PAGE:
Pittsburgh has become the latest city to be inducted into the Biophilic City network, setting ambitions and commitments to eliminate the use of all pesticides, fungicides and herbicides, to increase the city’s tree canopy from 42 percent to 60 percent by 2030, to pursue the daylighting of streams in stormwater management efforts and to develop more greenways.
To qualify as a Biophilic City, cities work within a number of guidelines and monitoring indicators:
- Biophilic cities are cities of abundant nature in close proximity to large numbers of urbanites; biophilic cities are biodiverse cities, that value, protect and actively restore this biodiversity; biophilic cities are green and growing cities, organic and natureful;
- In biophilic cities, residents feel a deep affinity with the unique flora, fauna and fungi found there, and with the climate, topography, and other special qualities of place and environment that serve to define the urban home; in biophilic cities citizens can easily recognise common species of trees, flowers, insects and birds (and in turn care deeply about them);
- Biophilic cities are cities that provide abundant opportunities to be outside and to enjoy nature through strolling, hiking, bicycling, exploring; biophilic cities nudge us to spend more time amongst the trees, birds and sunlight.
- Biophilic cities are rich multi-sensory environments, where the sounds of nature (and other sensory experiences) are appreciated as much as the visual or ocular experience; biophilic cities celebrate natural forms, shapes, and materials;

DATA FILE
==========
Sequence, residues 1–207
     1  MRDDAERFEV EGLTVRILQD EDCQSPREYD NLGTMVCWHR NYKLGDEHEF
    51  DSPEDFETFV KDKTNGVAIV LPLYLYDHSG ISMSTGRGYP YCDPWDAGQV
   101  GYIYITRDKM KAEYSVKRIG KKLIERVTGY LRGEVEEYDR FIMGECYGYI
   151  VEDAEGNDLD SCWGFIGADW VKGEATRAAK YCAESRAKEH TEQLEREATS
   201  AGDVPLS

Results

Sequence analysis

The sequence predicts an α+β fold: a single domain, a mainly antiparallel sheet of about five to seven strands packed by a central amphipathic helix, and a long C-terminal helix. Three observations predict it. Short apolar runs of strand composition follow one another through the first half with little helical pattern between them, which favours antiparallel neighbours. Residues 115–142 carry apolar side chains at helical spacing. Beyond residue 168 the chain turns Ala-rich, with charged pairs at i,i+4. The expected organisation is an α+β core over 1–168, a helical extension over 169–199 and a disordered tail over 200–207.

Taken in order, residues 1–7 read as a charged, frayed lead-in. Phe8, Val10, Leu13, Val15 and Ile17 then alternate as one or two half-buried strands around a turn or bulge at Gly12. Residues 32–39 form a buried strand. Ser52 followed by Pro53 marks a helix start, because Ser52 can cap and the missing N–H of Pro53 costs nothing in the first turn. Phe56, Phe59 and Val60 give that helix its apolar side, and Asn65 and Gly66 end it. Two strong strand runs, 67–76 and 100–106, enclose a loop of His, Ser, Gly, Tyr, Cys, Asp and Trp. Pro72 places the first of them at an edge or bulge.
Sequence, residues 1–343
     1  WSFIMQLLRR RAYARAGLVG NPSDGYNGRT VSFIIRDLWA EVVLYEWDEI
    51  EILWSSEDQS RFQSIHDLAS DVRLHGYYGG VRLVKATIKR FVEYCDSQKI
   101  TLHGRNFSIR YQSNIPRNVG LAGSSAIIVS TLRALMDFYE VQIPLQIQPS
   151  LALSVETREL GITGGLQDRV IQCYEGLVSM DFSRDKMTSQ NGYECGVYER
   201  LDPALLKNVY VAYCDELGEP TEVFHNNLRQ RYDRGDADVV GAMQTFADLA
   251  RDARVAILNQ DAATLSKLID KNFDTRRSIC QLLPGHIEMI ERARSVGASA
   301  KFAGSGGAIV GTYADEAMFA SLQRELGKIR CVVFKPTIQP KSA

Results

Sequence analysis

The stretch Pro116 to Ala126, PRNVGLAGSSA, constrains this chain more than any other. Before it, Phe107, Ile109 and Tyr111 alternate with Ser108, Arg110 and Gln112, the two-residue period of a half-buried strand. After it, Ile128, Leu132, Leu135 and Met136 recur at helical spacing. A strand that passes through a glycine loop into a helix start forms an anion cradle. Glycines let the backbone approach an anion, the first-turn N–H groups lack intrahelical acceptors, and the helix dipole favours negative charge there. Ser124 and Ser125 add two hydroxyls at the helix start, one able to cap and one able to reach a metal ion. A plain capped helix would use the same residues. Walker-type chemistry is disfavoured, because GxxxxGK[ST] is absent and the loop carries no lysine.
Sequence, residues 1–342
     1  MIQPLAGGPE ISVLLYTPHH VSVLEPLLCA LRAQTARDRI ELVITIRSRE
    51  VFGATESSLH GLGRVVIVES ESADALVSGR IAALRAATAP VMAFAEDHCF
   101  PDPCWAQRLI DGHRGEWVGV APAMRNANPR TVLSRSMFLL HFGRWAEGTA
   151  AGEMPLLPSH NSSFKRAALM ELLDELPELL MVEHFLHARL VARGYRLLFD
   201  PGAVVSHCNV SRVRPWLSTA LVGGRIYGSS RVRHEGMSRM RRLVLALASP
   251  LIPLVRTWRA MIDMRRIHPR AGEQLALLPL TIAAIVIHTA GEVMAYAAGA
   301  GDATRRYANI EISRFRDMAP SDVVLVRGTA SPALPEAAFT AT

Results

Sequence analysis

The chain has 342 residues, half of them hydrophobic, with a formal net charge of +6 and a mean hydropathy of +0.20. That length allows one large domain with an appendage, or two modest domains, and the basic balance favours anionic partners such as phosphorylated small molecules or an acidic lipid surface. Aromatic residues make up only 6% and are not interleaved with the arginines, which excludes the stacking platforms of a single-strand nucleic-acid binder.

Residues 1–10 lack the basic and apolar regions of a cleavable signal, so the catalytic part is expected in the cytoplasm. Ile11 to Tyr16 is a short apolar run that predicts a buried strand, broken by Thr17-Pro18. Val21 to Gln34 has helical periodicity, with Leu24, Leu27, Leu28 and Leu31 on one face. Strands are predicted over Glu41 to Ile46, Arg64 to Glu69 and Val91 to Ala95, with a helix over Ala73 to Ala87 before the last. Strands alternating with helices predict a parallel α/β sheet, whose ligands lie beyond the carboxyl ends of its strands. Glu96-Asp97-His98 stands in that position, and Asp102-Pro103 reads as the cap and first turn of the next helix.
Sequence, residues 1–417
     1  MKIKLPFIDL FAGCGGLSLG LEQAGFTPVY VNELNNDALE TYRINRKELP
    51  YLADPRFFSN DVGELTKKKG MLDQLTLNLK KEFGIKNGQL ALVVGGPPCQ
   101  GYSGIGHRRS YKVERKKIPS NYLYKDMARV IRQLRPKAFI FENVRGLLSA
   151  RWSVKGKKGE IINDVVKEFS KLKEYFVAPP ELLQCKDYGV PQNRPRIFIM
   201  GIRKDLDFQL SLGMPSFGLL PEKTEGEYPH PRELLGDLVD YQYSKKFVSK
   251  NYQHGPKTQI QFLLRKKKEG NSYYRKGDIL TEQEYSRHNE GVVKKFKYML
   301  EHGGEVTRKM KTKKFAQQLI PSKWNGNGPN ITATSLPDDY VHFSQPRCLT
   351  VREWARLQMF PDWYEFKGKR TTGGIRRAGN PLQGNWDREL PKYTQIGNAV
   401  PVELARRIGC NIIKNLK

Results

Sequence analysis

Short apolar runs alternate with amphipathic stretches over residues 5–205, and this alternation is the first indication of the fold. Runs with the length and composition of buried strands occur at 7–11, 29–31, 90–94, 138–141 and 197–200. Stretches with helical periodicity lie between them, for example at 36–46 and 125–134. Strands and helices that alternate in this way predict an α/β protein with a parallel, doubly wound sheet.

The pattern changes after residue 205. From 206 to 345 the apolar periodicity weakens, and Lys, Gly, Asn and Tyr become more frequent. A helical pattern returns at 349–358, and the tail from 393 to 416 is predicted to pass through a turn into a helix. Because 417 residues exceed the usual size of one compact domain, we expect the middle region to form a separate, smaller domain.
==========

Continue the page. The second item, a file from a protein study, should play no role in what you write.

- Biophilic cities place importance on education about nature and biodiversity, and on providing many and varied opportunities to learn about and directly experience nature; in biophilic cities there are many opportunities to join with others in learning about, enjoying, deeply connecting with, and helping to steward nature, whether though a nature club, organised hikes, camping in city parks, or volunteering for nature restoration projects;
- Biophilic cities invest in the social and physical infrastructure that helps to bring urbanites to closer connection and understanding of nature, whether through natural history museums, wildlife centres, school-based nature initiatives, or parks and recreation programs and projects, among many others;
- Biophilic cities are globally responsible cities that recognise the importance of actions to limit the impact of resource use on nature and biodiversity beyond their urban borders; biophilic cities take steps to actively support the conservation of global nature.
- Natural Conditions (eg % of forest or tree canopy cover, % working/living within 300m of green space, area of green roofs, living walls)
- Biophilic Engagement ( eg daily visits to green spaces, flora and fauna eco-literacy, outdoor activity membership)
- Biophilic Institutions, planning and governance, (eg city budget allocated to nature conservation, restoration education)
- Human Health and Wellbeing (% spending 30 mins + in urban nature, in outdoor activities, equitable and just access to nature)
Other aspects of a biophilic city include bird friendly, water friendly (blue urbanism) and dark sky preservation.
Other Biophilic Cities include Wellington, NZ; Birmingham, UK; Victoria Gasteiz ; Spain; Portland, USA and Singapore.
The Biophilic City website has a wealth of information, stories and resources.
Pingback: Cities setting biophilic commitments. | fairsnape isite – WORLD ORGANIC NEWS